area in accordance with the Henderson-Fleuriau Exchange
of Notes of 9 January 1931 between France and Great
Britain and rejected Nigeria’s claims to the Darak area and
the neighbouring villages…The Court also fixed the
maritime boundary between the two states. Here, the Court
accepting Cameroon’s contention, began by upholding the
validity of the Declaration of Yaounde II and Maroua,
pursuant to which the heads of state of Nigeria and
Cameroon had in 1971 and 1975 agreed upon the maritime
boundary between the two countries from the mouth of the
Akwayafe to a point G situated at 8o 22’ 19” longitude east
and 4o 17’ 00” latitude north (The Punch, Oct. 2002: 11).

The judgment, to the extent that it used history, it is argued, only goes to prove

the arbitrariness of colonial creations. This is because the same history provides contra

evidence to colonial whims. According to Sir Arthur Watts, the Nigerian Counsel at the

ICJ, in the Anglo-German Treaty of 1913, constitutionality is belied by history since the

area where the treaty initiated delimitation ignores the historical territorial authority of

the kings and chiefs of Old Calabar. For him, the ineffectiveness of the treaty is due to

the reason of “Great Britain’s lacking of competence to diminish the territorial interest of

Old Calabar” (The Guardian, March 2002: 1). It is also due to the strange but subtle logic

that transmuted territorial protection into territorial possession. Thus, that Gilbert

Guillaume, the president of the ICJ and a Frenchman, upheld a colonial treaty that ceded

the Bakassi peninsula to Cameroon, a former French colony, goes beyond the boundary

of justice.

The second angle of Bakassi situates the judgment of the ICJ within the context of

the international oil politics involving the US as a major actor. In an interview with The

Punch, Prof. Okello Oculi contends that the reason for this recontextualisation away from

a mere legal hairsplitting is that there is a larger global context that is only meaningful

within the trajectory of American foreign policy:

The US is anxious in shifting its source of oil from the Gulf

States. Arabia was castigated as a breeding ground for
fundamentalists, so also Indonesia and Iran…To prevent
the Gulf states from using oil as instrument of retaliation,
they now focus on the Gulf of Guinea which has easy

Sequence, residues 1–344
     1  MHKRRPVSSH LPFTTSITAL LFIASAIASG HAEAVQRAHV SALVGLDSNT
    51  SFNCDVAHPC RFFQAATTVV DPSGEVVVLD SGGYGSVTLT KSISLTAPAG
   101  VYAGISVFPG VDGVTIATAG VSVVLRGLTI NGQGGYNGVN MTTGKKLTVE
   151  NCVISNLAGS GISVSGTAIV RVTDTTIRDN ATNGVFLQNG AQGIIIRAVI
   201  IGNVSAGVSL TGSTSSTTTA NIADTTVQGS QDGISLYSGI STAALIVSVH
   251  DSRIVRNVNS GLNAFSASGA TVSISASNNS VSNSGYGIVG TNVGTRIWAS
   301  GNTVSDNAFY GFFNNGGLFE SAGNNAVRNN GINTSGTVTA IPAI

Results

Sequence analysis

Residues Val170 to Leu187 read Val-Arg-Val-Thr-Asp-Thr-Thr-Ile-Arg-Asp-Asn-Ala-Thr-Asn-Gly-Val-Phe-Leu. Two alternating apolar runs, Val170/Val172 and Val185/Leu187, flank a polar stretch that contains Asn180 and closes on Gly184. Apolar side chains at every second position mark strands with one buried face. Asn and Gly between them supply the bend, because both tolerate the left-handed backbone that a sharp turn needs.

passage, because the route from there to the US is on the
international route, unlike the gulf with the Suez canal.
This geographical advantage has to be translated into an
ideological context (The Punch, Oct. 2002: 14).

This hypothesis, for him, flows from the need felt by the US policy makers to make

Africa an “area of vital interest” that will cater for 25% of the US oil import by 2015. To

make this a reality, Prof. Oculi argues that the US stands to benefits more from

Cameroon, which is unlikely to react with hostility to her policy in the Middle East,

especially Iraq, compared with Nigeria with her large Muslim population. Therefore, the

US and France stand to benefit from Bakassi and from the turn of the judgment at the


I do not intend in this essay to critically engage the perspectives of the two

analyses of Bakassi. Rather, I argue that to these perspectives one must necessarily add a

third. Both analyses, that is, neglect a further component that would make for a holistic

mapping of Bakassi. This component involves the two important actors in Bakassi—the

Nigerian government and the Nigerians on the peninsula. Bakassi, I think, raises a

nationalistic point that ultimately can be tied in with the overall project of nation-building

in Nigeria. In other words, either wittingly or otherwise, Bakassi provides an interesting

illustration of burst nationalism similar to, but wider than, that invoked in national

sporting tournament. This nationalism is conceived around a supposedly unanimous

belief of the territorial sovereignty of Nigeria over the Bakassi peninsula, its oil and other